Investigators Need to Find Out if 72-Car Pileup in Downstate Illinois Could Have Been Avoided if Motor Vehicle Laws Were Followed
As the investigation continues on a two-mile stretch of highway in downstate Illinois, it makes one pause to think if the 72-car pileup should have even happened at all. The Federal Motor Vehicle Carrier Administration and the Department of Transportation expect trucking companies and motor carriers to practice defensive driving – an industry term to mean exercising caution in emergency situations and refraining from operating 80,000-pound tractor-trailers when visibility conditions dictate otherwise.
“Driving a tractor-trailer with little to no visibility is reckless and wanton conduct that can place other motorists in the worst possible scenario – the death and injuries of innocent people,” said Robert A. Clifford, founder and senior partner at Clifford Law Offices in Chicago. “This terrible tragedy needs to be thoroughly examined so those whose lives have been forever changed have answers.”
Six people have been reported dead and at least 30 more were injured when Interstate 55, outside of Springfield, Illinois, experienced what state police described as zero-visibility on the road for about a two-mile stretch around 11 a.m. Monday, May 1, 2023, when a “dust-out” storm occurred.
Federal motor vehicle laws governing truck drivers require that truck drivers pull over in such conditions. The FMVCA rules state, “If conditions become sufficiently dangerous, operations must immediately be discontinued until the vehicle can again be safely operated.”
Instead, it was reported that semi-trucks carrying heavy loads, and perhaps hazardous materials, crashed into helpless others. “It was very dangerous – the drivers couldn’t see. Truck drivers know that it takes a long time to stop their heavy vehicles when traveling on highways at higher speeds, and if they strike something, the other person doesn’t have a chance,” Clifford said. “Drivers, particularly truck drivers, cannot be in a hurry. In situations like this, safety must take precedence over everything else.”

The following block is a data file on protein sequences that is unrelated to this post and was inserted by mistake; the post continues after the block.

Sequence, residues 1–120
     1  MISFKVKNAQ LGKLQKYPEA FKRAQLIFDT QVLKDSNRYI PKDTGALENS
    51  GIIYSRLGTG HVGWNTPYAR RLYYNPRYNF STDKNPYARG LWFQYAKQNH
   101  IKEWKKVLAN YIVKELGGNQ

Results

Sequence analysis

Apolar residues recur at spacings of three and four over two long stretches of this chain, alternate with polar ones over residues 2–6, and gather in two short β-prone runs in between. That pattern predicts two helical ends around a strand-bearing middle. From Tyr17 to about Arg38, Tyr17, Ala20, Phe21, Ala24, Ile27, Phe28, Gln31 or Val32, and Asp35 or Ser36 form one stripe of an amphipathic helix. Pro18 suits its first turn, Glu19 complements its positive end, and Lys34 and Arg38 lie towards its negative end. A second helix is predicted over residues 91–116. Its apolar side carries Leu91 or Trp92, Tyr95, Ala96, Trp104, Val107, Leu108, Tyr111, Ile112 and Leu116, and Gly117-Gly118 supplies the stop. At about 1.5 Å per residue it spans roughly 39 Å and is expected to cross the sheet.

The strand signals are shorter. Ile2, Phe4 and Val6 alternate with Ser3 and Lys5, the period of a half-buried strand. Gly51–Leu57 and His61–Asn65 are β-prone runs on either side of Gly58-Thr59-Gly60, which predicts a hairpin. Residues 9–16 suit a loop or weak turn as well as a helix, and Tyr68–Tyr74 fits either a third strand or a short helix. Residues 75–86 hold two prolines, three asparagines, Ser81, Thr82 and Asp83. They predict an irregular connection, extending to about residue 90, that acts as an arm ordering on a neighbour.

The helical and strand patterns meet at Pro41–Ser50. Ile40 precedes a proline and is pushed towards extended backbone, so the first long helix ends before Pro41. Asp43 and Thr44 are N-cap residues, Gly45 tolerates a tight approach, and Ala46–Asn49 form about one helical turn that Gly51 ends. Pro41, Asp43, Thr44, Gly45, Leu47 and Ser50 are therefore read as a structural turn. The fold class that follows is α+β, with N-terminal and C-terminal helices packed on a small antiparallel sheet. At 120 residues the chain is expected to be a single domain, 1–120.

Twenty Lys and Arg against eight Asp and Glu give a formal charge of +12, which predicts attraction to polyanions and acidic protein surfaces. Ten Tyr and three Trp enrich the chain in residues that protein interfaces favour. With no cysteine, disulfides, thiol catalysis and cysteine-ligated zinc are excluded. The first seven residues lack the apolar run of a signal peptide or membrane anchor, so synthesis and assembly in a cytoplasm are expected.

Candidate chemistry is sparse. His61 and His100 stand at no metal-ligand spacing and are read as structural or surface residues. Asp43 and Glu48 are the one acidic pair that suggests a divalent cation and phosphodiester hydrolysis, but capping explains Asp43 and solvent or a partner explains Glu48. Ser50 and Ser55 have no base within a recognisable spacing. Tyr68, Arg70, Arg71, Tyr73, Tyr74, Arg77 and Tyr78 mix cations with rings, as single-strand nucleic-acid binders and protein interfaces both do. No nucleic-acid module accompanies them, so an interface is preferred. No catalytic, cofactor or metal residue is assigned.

In the pile-up on I-55 near the state’s capital of Springfield, six people are now dead. Dozens of others are critically injured ranging in age from 2 to 80 years old, including some who had to be airlifted to hospitals. Several tractor-trailers turned over and others burned out on the highway. I-55 reopened Tuesday morning as police continue to examine what happened in this horrible wreckage.
This “dust-out” is very similar to a winter “white-out” when responsible drivers pull off the road and seek shelter to avoid tragedies like this that can be caused by zero-visibility conditions. The incident brings back horrible memories of a family whose car was crushed in a pile-up on I-90 near Rockford, Illinois, during a white-out snowstorm. The Yoder’s car was crushed. Their four-year-old daughter in the back seat was killed and their little two-year-old boy suffered permanent brain damage that required round-the-clock care for the rest of his life. The mom suffered severe skull and facial injuries requiring 31 surgeries. Of course, that family was devastated. Kevin Durkin, partner at Clifford Law Offices, obtained a record $38.3 million verdict in 2004 on their behalf.
For further information, contact Clifford Law Offices Communications Partner, Pamela Sakowicz Menaker at 847-721-0909 (cell).